Of all the clever boys I know, there's none like Jimmy Brown
He's just lent me this book, to read the things he's written down
The first thing is about a horse, and what it's useful for
And when I've read it to you, 'twill enlighten you I'm sure.

Refrain: 'The horse is called a gee-gee, lives on oats and other fruits
And when he kicks he hurts, 'cos he's got big tips on his boots
Sometimes he runs in races, and he goes along so fast
And when you put your only shilling on, he comes in last
He's got four legs, which means he makes a big noise in the town
They grow at every corner so as boys can't push him down
And when he's dead they sell him for corned beef and other food.'
That's what Jimmy says about the horse, I think it's jolly good.

What my friend Jimmy doesn't know is not worth knowing, see
And where he gets his knowldge from is what quite puzzles me
This essay on the baby - yes, and what it's useful for
The spelling's awful bad, but every word is true, I'm sure

Refrain: 'The baby is an animal with no hair on its head
It grows out in the Summer-house, or in a turnip bed
They haven't got no teeth to bite, and always seem in pain
They cry, and cry, and then leave off, and then they start again
For calling dad to go to work, the baby's reckoned prime
He'll keep dad fast awake all night to wake him up in time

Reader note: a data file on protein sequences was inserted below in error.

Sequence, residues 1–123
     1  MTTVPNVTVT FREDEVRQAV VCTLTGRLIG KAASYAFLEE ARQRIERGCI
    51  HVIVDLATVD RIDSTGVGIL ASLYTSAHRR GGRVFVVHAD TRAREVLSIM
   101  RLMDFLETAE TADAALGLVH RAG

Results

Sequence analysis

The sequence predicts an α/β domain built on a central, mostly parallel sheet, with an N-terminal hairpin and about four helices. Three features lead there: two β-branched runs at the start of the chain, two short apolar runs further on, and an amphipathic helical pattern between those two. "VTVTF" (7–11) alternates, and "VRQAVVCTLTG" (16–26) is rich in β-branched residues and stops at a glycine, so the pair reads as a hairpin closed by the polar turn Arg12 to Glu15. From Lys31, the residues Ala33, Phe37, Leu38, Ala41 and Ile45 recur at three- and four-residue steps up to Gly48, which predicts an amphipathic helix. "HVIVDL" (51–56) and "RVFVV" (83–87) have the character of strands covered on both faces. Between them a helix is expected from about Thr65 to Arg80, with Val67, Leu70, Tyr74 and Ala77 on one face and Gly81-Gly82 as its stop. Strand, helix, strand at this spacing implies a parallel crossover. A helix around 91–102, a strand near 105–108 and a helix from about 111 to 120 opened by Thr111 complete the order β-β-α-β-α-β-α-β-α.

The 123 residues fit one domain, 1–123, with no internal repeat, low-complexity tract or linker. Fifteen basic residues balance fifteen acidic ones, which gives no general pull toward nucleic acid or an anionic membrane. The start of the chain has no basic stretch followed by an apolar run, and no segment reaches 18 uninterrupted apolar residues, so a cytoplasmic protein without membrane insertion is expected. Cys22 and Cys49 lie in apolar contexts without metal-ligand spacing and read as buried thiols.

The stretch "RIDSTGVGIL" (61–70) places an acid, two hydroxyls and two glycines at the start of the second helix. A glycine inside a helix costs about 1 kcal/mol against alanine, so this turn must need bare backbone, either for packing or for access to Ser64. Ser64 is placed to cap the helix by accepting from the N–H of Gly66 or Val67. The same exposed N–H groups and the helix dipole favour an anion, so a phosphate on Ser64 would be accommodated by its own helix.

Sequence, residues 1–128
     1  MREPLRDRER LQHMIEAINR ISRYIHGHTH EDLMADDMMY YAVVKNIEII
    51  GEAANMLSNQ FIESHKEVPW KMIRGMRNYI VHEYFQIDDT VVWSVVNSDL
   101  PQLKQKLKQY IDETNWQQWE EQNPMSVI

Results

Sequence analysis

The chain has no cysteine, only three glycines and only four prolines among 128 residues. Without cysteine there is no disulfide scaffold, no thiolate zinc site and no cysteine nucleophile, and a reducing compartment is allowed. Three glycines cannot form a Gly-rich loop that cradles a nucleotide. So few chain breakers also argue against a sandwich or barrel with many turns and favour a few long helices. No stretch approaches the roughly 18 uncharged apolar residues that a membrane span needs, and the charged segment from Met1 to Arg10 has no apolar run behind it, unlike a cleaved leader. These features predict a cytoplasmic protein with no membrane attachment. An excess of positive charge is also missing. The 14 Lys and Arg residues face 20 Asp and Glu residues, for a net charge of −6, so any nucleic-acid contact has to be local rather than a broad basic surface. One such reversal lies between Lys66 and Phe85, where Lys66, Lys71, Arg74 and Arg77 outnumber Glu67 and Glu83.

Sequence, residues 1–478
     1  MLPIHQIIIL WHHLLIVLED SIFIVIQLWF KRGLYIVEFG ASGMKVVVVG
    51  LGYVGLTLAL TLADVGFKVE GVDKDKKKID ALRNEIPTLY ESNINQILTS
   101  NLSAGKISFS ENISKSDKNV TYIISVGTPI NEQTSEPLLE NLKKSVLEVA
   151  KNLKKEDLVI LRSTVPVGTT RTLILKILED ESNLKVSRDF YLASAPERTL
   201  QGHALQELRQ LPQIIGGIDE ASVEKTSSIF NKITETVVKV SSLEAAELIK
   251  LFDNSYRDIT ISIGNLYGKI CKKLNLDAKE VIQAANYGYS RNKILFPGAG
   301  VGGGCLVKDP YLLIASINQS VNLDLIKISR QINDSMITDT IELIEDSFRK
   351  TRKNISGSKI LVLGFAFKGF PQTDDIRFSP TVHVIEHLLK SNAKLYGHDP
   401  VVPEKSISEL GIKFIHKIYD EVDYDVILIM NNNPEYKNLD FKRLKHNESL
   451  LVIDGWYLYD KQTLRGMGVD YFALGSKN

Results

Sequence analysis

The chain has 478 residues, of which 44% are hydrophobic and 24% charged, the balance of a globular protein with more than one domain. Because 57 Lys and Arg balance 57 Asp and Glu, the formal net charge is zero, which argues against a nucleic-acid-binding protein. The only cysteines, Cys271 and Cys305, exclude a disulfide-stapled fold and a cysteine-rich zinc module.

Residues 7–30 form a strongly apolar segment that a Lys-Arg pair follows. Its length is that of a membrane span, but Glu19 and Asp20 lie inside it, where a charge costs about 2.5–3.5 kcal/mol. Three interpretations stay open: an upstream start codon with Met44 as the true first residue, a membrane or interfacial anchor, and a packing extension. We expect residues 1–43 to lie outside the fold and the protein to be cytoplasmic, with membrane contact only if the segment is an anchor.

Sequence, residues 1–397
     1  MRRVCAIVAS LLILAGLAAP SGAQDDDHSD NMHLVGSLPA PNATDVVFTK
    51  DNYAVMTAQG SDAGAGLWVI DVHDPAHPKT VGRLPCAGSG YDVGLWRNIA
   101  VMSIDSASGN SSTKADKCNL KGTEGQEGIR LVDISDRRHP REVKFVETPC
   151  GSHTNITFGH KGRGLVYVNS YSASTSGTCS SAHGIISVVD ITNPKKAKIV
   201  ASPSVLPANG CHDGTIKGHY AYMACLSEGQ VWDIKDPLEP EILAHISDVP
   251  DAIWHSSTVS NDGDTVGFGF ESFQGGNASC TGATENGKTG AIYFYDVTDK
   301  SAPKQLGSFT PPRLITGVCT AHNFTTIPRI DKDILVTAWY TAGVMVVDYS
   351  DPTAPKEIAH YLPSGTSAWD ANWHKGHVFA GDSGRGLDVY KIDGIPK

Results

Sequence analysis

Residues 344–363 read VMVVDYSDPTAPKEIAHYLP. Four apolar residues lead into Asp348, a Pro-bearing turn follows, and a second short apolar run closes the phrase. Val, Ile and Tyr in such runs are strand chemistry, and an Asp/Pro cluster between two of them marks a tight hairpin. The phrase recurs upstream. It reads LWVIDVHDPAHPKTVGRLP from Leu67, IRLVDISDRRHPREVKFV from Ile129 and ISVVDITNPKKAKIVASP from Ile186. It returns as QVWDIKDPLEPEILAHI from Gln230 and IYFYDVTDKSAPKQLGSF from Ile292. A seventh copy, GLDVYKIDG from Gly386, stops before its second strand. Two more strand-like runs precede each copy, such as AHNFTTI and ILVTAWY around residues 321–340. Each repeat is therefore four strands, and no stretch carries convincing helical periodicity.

A baby will eat anything, even cinders, coal and wood
That's what Jimmy says of babies - I think it's jolly good.

You won't mind if I read this other little short essay
It's all about a cow, and Jimmy spells cow with a 'K'
He knows what he is saying, though, when cows he talks about
Jim's father is a milkman, that accounts for it, no doubt

Refrain: 'The Cow's a useful animal, he makes old ladies shake
It's body's nearly all composed of half-a-pounds of steak
You'd take it for a camel if it only had a hump
And the dearest part about it is the part that rhymes with jump
It's useful when it's fat to make pork sausages, you see
And useful for its cow-juice, 'cos we puts it in our tea
It often digs its crumpled horn in.' Oh my ain't it rude
That's all that Jimmy says about the cow - I think it's jolly good.

Now, this essay's about the Girl, and what she's useful for
I don't believe I ever read such clever lines before
He's made a study of her, it's so lifelike and so true
And if you don't mind waiting, I will read it out to you.

Refrain: 'The Girls is two-legged animals, and false as breakfast eggs
They never have to shave, or wear trousers on their legs
They've got long nails to scratch with, and the men all call 'em flirts
They're useful when we're babies, 'cos they makes our little shirts
This animal loves kissing men, and when one's at her door
She'll kiss, and kiss, and kiss, and kiss, till she can't kiss any more
She says she'll never marry, but she wishes that she could
That's all Jimmy says about the Girl - I think that's extra good.
Written and composed by Harry Castling - 1903
Performed by George Bastow (1871-1914)
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